Abortion Doc Found Guilty on Three Counts of First-Degree Murder

The Slatest
Your News Companion by Ben Mathis-Lilley
May 13 2013 3:28 PM

Abortion Provider Kermit Gosnell Found Guilty on Three Counts of First-Degree Murder

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Anti-abortion activists march past the U.S. Capitol during the annual March for Life on Jan. 25, 2013 in Washington, D.C.

Photo by Mandel Ngan/AFP/Getty Images

A Pennsylvania jury this afternoon found longtime abortion provider Kermit Gosnell guilty of three counts of first-degree murder in the deaths of what prosecutors said were babies born alive and then killed with scissors at his clinic in West Philadelphia. He was found not guilty on a fourth charge of first-degree murder involving a fourth newborn that prosecutors had alleged suffered the same fate.

Josh Voorhees Josh Voorhees

Josh Voorhees is a Slate senior writer. He lives in Iowa City. 

Gosnell was also found guilty of third-degree murder in the death of 41-year-old Karnamaya Mongar, who died from a drug overdose during a second-term abortion performed at the since-shuttered Women's Medical Society. The first-degree murder convictions bring with them the possibility of the death penalty for the 72-year-old Gosnell, something that the prosecution has suggested they will seek.

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Gosnell, who is not a board-certified obstetrician or gynecologist, was also found guilty of a long list of related violations of Pennsylvania's abortion laws, including performing the procedure after 24 or more weeks of pregnancy.

He originally faced seven first-degree murder charges, but the judge had previously dismissed three of those charges.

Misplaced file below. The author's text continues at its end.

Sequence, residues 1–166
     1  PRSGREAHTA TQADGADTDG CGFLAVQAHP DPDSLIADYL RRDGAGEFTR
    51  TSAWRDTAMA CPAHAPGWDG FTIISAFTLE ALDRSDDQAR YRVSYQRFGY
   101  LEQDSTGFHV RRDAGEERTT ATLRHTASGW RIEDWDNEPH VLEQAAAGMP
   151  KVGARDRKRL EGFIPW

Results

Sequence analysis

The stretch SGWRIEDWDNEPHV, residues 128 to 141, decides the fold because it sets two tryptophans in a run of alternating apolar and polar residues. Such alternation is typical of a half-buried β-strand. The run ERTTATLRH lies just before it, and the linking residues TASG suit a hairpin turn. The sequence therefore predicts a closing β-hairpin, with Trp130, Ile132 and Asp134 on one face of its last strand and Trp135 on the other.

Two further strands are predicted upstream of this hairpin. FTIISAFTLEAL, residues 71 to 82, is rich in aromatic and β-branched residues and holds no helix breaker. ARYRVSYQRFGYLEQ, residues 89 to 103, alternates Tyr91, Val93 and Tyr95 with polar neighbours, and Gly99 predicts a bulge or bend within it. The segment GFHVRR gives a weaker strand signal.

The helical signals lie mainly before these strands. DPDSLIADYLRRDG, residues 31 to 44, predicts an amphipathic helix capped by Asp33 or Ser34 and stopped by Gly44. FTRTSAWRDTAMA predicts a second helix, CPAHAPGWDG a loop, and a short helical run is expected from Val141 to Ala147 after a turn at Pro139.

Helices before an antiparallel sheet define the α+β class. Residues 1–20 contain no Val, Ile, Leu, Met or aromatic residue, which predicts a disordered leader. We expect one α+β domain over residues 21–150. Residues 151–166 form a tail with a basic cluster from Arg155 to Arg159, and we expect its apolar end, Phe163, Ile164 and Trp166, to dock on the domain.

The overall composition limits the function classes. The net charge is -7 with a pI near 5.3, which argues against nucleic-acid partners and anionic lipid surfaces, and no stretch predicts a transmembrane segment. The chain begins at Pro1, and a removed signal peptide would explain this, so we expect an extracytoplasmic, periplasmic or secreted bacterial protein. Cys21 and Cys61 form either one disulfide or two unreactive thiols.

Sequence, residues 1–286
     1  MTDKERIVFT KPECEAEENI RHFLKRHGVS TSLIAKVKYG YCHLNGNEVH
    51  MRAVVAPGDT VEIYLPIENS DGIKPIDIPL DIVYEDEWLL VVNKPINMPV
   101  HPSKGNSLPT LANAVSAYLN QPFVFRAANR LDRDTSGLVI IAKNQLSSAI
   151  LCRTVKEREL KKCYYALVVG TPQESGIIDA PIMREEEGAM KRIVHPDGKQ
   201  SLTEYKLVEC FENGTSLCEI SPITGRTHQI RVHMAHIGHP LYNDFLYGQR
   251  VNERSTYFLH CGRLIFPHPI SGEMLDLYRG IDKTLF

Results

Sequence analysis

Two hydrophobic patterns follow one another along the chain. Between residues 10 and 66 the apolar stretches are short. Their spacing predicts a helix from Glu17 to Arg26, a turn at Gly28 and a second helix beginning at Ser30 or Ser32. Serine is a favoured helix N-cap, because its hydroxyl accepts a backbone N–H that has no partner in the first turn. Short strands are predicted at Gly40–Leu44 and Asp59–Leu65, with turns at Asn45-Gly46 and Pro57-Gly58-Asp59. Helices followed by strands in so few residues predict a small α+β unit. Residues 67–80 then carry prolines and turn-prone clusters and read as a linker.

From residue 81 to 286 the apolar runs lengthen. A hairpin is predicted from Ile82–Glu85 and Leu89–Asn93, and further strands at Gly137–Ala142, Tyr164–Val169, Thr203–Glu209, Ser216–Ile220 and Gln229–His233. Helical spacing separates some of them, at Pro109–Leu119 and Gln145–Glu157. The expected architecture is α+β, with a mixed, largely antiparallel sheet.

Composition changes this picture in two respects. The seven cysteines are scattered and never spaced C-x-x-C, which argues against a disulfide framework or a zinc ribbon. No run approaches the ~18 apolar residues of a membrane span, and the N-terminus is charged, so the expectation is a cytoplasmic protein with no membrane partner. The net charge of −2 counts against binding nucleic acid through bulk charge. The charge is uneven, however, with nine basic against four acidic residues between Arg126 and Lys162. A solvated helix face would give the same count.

News that a verdict had been reached came only hours after the jury had said that—after more 10 days of deliberations—it was deadlocked on two of 258 counts that Gosnell faced in connection with his clinic where he performed abortions. It was not clear which of those counts had caused the temporary stalemate.

Gosnell's defense team had argued that Gosnell used an abortion drug that was administered while the fetuses were still in the womb, and that Mongar died of complications. A medical examiner was unable to say conclusively whether any of the babies had been alive after delivery, the issue at the heart of the trial. Ultimately, the jury of seven women and five men sided overwhelmingly with the prosecution.

The Associated Press has a helpful guide to the grisly case here. While Gosnell denied all accusations of wrongdoing, prosecutors painted a very different picture during their five weeks of arguments. They estimated that Gosnell had ended hundreds of pregnancies by inducing labor and then cutting the newborns' spinal cords. (Prosecutors said they couldn't file more murder charges, however, because Gosnell had destroyed many of the files.)

This post has been updated with additional information.

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